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What was it like for a gay kid coming of age in Redding during the 1990s? Pretty grim, according to Redding native and former NFL offensive tackle Ryan O’Callaghan’s recently released memoir, “My Life On The Line: How The NFL Damn Near Killed Me and Ended Up Saving My Life.”
The book begins on a hair-raising note, with O’Callaghan, a stand-out player on both sides of the line for the Enterprise High School Hornets from 1997-2001, contemplating suicide as his lucrative but injury-riddled six-season career in the NFL neared its inevitable conclusion with the Kansas City Chiefs in 2011.
He’d made a pact with himself as early as his freshman year with the University of California Berkeley Golden Bears in 2001: When football was done with him, he was done with life. He’d kill himself rather than live openly as a gay man.
His sexual orientation was a secret he’d been keeping since he was 7 years old. As a teenager, his large size caught the attention of coaches, and from high school on, football, even though he had exactly zero interest in the sport, became the “beard” he used to mask his gay identity from family, friends, teammates, fans and the world.
Though he lacked passion for football, he was good at it. He had to be, to keep the straight charade going. In 2011, instead of planning for life after a relatively successful NFL career, the 6’7” 330-pound offensive tackle was planning to blow his brains out, rather than reveal his secret.
“I’m still that little gay kid who grew up in the middle of nowhere, scared quite literally to death,” he writes of that dark period in his life. “The secret that I buried inside of me at a very young age is something disgusting, unacceptable, deadly. No matter who I am or what I accomplish, the revelation of that secret will destroy my life and push away anyone who learns it. Being gay is death.”
Thus begins a harrowing journey through O’Callaghan’s early years in Redding to his college and professional football careers in which every conscious decision is predicated on preserving his phony heterosexual persona.
As he states frequently throughout the book, maintaining that deception, on top of playing college and professional football, was utterly exhausting.
Social scientists call this “minority stress,” the discomfort experienced by minorities, such as members of the LGBTQ community, when they feel forced to conform to alleged societal norms. Minority stress can be lethal, and if certain people hadn’t intervened in O’Callaghan’s life at the right time, he might not have survived to tell his tale.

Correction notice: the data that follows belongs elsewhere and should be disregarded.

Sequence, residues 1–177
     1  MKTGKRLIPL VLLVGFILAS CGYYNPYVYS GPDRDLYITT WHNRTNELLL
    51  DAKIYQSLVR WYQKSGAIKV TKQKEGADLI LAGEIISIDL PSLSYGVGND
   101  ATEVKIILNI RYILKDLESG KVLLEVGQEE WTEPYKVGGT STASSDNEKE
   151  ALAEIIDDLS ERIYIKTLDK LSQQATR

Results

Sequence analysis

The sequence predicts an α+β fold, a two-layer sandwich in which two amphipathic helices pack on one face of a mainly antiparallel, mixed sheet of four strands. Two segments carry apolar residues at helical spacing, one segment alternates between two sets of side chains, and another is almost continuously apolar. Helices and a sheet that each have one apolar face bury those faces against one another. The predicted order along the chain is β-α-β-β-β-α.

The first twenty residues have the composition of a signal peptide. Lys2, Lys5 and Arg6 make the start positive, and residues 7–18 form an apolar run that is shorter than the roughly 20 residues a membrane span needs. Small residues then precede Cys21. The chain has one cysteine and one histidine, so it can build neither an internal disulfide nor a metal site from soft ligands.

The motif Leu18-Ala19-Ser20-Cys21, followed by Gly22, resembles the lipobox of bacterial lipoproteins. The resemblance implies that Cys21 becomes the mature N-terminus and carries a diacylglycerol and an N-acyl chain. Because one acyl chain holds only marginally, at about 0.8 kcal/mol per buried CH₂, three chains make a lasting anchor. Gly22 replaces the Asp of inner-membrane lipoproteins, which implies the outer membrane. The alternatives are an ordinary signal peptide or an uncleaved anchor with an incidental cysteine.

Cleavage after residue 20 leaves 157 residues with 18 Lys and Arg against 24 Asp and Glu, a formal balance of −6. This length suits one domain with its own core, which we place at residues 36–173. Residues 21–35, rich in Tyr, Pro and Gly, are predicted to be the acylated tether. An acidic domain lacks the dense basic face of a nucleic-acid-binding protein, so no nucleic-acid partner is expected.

But survive he did—if only by the skin of his teeth. He originally planned to shoot himself in the head with a pistol, but it was his addiction to opiates—first prescribed for his numerous football injuries, but later abused to quiet the noise inside his head—that very nearly ended his life.
O’Callaghan’s opiate abuse caught the attention of Kansas City Chiefs head trainer Dave Price. Sensing more was going on in O’Callaghan’s life than his injured shoulder and groin, Price referred him to a sports psychiatrist, Dr. Susan Wilson.
Despite initial resistance, O’Callaghan eventually informed Dr. Wilson that he was gay and planning to kill himself rather than come out of the closet and face certain rejection from his family and friends.
“I start telling her about being a kid in Redding,” he writes. “The isolation of those family picnics. The constant jokes I heard from the men in my family about being gay. The shit guys said in the Enterprise locker room all day, every day. … The people closest to me told me constantly, from my first memories, that I was straight and gay people were bad. I tell Dr. Wilson that all of this has translated in my head into gay people deserve to die. Whether or not that’s what was said, that’s certainly what I heard.”
“That was a long time ago,” Dr. Wilson told him. “How do you know your parents will reject you, their son, today?”
The idea that his family and friends might accept him as a gay man had never occurred to O’Callaghan. Dr. Wilson had found the flaw in his suicide plan, and it gave O’Callaghan the glimmer of hope he needed to continue living, if only long enough to tell his family he was gay and ascertain their reaction.
He was still heavily addicted to opiates, and O’Callaghan’s account of his Adderall-and-Oxycontin-fueled drive from Kansas City, Missouri to Redding in late 2011 to inform his parents in person that he was gay, only to O.D. in Nevada and wind up marooned at his uncle’s house in Lake Tahoe, is among the most perilous cross-country road trips you’ll ever read.
As it happened, Dr. Wilson’s hunch was correct. O’Callaghan first came out to his aunt and uncle, who accepted him unconditionally. His uncle, the teller of many gay jokes during his childhood, quipped, “Just tell me you still like country music.” O’Callaghan still does. Jason Aldean remains one of his favorites.
Their acceptance is the turning point in a memoir that otherwise might not have been written. After a short convalescence in Lake Tahoe, O’Callaghan completes the journey to Redding, where he discovers that his mother and father also unconditionally accept him as a gay man.